Why My Phone Will Remain (Social) Media Free

Today marks the first day of week four of my ongoing experiment of depriving myself of media on my mobile gadgets. Initially I thought to reintroduce these services back to my phone. But I won‘t and the reason is both simple and sad.

Increasingly our lives depend on our attention. If I want to perform with my full potential I do need entertainment in order to balance out work. But I didn‘t realise how poisonous (social) media on phones can be. The first thing in the morning was spending approximately half an hour on my phone before I even started my day. Last thing I would do was staying awake at night, checking my phone until I finally fell asleep. During the day, every minute I could find was spent glancing on either my iPad or my phone for mindless web-surfing. For the last three weeks, this has stopped.

Algorithms dictated my day, everyday, 24/7, feeding me distractions that fitted my world view specifically. This is dangerous and currently divides our political world into hate-spreading tribes. Just mentioning politics often starts to turn honest, well mannered, hard working people into vulgar advocates for extremist views. We don‘t get bored anymore, which is messing up our attention span and creativity. I wrote more articles in the last three weeks than the last three months prior to it, just because I sometimes sat down and literally had nothing to do.

It is disturbingly sad how much technology started to shape our day. We gave up control for the benefit of „convenience“ without even realising. I love tech, I will continue to use tech. But it is time for me to break up with (social) media access 24/7. Ten years ago, I had to sit down at the computer to access the internet. I did, enjoyed it for some time and then shut down the machine and went on with my life. I want to have this freedom of choice back.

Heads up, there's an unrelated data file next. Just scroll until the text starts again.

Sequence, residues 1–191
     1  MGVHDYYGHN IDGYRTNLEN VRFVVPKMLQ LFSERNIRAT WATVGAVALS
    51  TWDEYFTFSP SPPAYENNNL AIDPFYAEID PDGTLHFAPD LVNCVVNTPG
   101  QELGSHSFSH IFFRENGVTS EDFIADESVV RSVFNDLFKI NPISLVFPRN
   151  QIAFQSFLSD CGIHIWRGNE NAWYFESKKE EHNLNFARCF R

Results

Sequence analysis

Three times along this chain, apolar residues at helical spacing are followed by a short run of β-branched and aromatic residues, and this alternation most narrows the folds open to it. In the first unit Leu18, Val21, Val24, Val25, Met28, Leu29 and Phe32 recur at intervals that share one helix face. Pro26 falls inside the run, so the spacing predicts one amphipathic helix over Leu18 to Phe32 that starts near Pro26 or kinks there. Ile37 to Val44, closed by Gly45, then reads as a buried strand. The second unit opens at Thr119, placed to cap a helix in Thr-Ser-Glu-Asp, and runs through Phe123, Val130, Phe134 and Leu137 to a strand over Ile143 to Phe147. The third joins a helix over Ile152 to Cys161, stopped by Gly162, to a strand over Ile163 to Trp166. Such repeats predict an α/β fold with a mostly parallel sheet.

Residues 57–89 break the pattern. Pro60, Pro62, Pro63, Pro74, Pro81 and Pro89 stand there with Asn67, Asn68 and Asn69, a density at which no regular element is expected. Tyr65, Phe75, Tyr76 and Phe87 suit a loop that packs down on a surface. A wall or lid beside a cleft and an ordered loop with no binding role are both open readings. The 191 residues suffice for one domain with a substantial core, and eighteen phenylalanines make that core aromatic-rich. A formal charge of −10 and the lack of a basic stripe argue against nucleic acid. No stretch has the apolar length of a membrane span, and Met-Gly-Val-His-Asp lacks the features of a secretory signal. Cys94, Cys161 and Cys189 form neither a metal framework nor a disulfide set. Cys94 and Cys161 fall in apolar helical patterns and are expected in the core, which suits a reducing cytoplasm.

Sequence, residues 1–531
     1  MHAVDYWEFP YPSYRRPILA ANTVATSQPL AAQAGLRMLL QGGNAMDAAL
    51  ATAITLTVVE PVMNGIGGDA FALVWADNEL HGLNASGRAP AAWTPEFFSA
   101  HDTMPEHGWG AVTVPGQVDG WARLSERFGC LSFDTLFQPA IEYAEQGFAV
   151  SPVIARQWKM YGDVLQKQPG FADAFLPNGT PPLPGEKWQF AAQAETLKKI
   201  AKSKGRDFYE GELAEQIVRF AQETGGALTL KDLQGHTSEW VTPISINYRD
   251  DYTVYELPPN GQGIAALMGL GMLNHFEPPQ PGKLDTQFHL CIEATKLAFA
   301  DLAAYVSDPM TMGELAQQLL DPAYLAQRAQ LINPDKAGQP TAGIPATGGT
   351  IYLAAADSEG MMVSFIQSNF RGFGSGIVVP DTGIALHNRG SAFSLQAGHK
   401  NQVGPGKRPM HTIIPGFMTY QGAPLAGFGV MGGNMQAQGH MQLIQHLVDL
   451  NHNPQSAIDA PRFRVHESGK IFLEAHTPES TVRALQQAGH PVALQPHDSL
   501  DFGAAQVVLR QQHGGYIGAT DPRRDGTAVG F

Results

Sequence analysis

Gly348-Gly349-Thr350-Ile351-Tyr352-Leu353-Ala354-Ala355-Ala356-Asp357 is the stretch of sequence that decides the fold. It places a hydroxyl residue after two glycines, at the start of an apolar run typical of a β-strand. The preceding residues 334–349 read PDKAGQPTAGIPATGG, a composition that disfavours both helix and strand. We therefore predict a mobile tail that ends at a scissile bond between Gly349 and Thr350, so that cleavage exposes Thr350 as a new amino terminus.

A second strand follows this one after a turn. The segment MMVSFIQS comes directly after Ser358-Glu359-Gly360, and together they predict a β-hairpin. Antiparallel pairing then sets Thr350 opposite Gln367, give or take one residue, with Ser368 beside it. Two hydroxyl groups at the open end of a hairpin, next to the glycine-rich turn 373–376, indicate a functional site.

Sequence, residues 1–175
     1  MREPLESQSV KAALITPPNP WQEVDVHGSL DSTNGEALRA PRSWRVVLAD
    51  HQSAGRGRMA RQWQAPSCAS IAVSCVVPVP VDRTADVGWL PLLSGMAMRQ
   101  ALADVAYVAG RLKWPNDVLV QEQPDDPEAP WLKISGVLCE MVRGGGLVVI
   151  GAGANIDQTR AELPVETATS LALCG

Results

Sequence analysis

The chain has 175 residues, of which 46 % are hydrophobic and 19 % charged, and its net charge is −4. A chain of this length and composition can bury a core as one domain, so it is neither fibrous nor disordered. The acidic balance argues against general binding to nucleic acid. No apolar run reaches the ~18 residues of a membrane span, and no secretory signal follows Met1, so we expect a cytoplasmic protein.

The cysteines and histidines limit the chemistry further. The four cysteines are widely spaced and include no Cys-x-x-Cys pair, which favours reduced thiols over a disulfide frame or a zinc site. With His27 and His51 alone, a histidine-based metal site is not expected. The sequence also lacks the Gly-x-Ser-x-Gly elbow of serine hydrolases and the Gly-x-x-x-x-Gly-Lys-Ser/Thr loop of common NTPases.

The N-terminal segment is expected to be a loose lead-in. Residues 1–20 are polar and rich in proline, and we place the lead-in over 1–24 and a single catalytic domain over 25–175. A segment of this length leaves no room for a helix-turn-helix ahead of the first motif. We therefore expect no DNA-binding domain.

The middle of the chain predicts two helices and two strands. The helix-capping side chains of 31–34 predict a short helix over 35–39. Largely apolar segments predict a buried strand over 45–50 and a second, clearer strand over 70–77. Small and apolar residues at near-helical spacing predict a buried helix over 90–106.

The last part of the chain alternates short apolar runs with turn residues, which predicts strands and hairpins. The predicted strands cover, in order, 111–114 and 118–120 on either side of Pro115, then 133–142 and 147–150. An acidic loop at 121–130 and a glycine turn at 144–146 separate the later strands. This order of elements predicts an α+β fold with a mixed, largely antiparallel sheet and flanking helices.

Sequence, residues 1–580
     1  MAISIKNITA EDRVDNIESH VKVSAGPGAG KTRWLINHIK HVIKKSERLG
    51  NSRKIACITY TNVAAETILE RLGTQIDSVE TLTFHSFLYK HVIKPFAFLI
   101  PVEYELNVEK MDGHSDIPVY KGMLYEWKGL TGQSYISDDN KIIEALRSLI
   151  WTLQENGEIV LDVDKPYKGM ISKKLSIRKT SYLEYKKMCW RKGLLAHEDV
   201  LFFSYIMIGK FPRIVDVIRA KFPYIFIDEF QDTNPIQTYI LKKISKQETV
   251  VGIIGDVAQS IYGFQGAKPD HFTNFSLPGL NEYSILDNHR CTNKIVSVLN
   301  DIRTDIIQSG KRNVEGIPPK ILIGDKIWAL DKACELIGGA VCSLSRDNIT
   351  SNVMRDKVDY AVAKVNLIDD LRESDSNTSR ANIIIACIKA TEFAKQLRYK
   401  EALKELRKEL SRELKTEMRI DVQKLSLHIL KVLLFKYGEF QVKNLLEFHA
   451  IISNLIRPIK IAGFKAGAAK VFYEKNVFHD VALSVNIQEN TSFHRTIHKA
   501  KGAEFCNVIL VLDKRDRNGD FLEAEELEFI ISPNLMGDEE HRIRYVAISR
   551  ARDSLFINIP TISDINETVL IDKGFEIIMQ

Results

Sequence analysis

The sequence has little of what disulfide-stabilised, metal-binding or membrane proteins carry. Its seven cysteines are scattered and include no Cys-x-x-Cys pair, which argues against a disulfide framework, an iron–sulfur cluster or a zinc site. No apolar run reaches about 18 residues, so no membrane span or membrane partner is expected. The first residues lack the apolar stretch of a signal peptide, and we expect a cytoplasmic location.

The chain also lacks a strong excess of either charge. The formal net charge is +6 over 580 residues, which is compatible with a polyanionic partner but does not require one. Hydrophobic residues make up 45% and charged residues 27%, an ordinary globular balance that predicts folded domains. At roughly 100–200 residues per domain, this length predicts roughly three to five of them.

We are not biologically equipped to be fuelled by dopamine all the time. We are not designed to fake a life of excitement around every corner to hundreds of illusionary friends that would leave us with the blink of an eye if something better came up, amplifying our misery. We were told that everyone is special. But that is a blatant lie that fuels our depressing state. Being special or famous should not be the main focus of our society. We should not be driven by narcissism, which will leave us lonely, empty and depressed. Contribution, love and healthy relationships to the people around you are way more important than showing off how great of a life we (pretend to) have with all the material goods we don‘t have a purpose for, just to tell the followers how wealthy we are. It makes me angry how much I still fell for this psychologically engineered advertisement. Things that are this harmful to me should not be part of my life, period.

I want to live in a Star Trek like future, in which logic, empathy and the higher principle of acquiring knowledge and improving the lives of everybody is center of focus for an entire global community. I don’t want to become a teacher because I am money-hungry (obviously). I want to give something back to thousand of kids and actively shape the future of our world. This principle should be part of our every day life. Jobs, laws, the economy, the government. Everything was initially created to improve the lives of everyone. People should choose their craft in order to help the overall society and contribute in a meaningful way. We need the gardener as much as we need the computer engineer. If people mess up or are left behind, we should help them out to get back to their feet. The system was designed with love and contribution in mind. Giving up some of our time and resources to improve everybody’s life. I don’t want to forget that.

This experiment remembered me why I started my minimalism journey in the first place: To fill out the void with meaning, not with distraction and material goods (which basically are the same). If I need to look up something on my phone, I can. But it ends there. Games should stay on consoles and websites on computers. I want to use my phone as a phone, not a short-term shortcut to dopamine release. I want to actively shape a better world, and this is why an experiment of three weeks of (social) media free phone usage extended indefinitely.

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